Have you noticed your waistline is increasing as you get older? Perhaps weight loss doesn’t come as easily now as it did when you were younger.

The truth is, even if you adopt a healthy diet and engage in regular physical activity it’s much harder to prevent weight gain as we age. Now, a new study out of Sweden may have discovered the reasons for the increase in body weight.

Published in the journal Nature Medicine, the researchers suggest “lipid turnover rate” decreases with ageing. This is the rate at which lipid or fatty acids in fat cells is removed and store.

The reduction of “lipid turnover” makes it easier to gain body fat, even if we’re eating the same amount of calories and our doing the same amount of exercise.

Previous studies have found an excess in body fat is linked with a decrease in the removal of fatty acids. But is the rate constant over a life span or does it change during weight gain or weight loss?

Over an average period of 13 years, fat cells were analysed in 54 male and female participants. Regardless of whether the participants experienced weight loss or gained a few extra kilos during the study period, there was a decrease in the lipid turnover rate in their fat tissue.

According to the study, those participants who didn’t compensate for this change by eating fewer calories gained an average of 20% more weight.

Weight-loss surgery may help increase lipid turnover

Interestingly, the study also analysed lipid turnover in 41 women who had undergone weight loss bariatric surgery to ascertain how the rate affected their ability to keep the weight off long term.

The new research found only in the women who had a low lipid turnover rate pre-surgery were able to increase their lipid turnover after their weight-loss surgery and maintain their reduced body weight.

Substantial weight loss doesn’t appear to be driven by changes in the fatty acid removal, but instead by the rate of lipid uptake in the fat tissue.

Professor at Karolinska Institutet in Sweden and one of the study’s main authors, Peter Arner, said this new research could give a greater understanding in why people gain weight and new ways to treat the obesity crisis.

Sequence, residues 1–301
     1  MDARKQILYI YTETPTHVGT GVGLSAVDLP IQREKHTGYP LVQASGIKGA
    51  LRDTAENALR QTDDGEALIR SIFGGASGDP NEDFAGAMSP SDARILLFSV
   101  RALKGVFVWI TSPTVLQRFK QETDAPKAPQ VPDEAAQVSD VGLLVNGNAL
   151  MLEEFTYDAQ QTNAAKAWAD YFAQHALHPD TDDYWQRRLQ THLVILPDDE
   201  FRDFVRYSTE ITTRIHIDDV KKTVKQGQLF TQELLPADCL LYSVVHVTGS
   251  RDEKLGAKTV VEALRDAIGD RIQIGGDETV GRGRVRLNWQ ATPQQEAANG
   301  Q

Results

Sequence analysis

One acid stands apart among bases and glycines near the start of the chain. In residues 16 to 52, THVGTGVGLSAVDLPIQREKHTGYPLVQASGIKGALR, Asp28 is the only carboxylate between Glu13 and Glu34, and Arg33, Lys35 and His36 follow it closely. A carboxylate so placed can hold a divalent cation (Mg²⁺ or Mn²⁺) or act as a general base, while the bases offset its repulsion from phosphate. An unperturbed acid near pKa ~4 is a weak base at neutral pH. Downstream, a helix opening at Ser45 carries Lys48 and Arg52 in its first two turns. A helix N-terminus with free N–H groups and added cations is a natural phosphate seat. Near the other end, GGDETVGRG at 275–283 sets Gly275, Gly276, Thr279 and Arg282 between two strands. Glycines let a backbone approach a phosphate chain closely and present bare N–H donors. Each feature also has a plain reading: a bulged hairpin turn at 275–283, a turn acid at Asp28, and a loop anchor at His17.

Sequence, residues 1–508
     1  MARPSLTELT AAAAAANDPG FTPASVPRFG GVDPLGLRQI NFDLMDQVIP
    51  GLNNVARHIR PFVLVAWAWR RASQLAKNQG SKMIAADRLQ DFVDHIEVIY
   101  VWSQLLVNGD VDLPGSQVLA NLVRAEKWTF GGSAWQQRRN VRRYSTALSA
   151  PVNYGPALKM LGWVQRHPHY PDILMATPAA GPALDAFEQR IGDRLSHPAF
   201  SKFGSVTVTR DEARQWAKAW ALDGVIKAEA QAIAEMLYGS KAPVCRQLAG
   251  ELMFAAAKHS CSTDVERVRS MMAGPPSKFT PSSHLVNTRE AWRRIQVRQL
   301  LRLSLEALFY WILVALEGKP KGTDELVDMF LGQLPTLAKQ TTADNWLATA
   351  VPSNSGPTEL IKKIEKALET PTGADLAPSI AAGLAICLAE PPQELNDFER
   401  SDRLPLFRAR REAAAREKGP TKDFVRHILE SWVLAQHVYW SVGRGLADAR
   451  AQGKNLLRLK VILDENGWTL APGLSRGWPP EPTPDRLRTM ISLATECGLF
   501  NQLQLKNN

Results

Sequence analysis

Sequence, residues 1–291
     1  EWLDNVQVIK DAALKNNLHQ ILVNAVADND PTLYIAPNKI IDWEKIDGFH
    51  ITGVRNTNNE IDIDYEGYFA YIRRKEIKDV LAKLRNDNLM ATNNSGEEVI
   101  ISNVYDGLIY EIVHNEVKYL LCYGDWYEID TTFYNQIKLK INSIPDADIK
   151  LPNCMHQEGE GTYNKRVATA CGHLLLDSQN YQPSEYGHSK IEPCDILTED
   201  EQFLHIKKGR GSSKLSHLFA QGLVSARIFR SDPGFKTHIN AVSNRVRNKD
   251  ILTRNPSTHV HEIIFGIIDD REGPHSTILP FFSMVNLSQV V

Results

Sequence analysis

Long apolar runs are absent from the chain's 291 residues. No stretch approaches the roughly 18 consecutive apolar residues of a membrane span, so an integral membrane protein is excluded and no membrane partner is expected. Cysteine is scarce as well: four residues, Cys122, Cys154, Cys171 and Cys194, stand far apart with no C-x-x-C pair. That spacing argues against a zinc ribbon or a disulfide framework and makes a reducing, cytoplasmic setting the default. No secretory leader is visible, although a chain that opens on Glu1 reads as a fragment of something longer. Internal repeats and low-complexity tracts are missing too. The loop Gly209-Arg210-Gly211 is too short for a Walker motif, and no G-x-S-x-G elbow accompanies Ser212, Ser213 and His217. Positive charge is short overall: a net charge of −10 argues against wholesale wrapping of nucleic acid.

“The results indicate for the first time that processes in our fat tissue regulate changes in body weight during ageing in a way that is independent of other factors”, he said.

How do you increase the lipid turnover rate?

Thankfully, it’s not all doom and gloom and there are ways to speed up your lipid turnover.

Previous studies looking into lipid turnover in relation to weight gain has found one way to increase the rate in the fat tissue is to exercise more.

“Understanding lipid dynamics and what regulates the size of the fat mass in humans has never been more relevant”, said co-author and senior researcher at Karolinska Institutet, Kirsty Spalding.

“Obesity and obesity-related diseases have become a global problem”, she added.

According to an earlier study published in the Journal of Internal Medicine, people who engage in regular physical activity tend to be of good metabolic health and have high metabolic flexibility.

In obese patients, exercise has the beneficial effect of reducing intramuscular lipids which could be linked to the improved lipid turnover.

These findings show the speed of lipid turnover is an important factor in the long-term changes in body weight and long-term results of weight-loss surgery.

Simply put, if you want to prevent weight gain as you age, it’s time to get moving.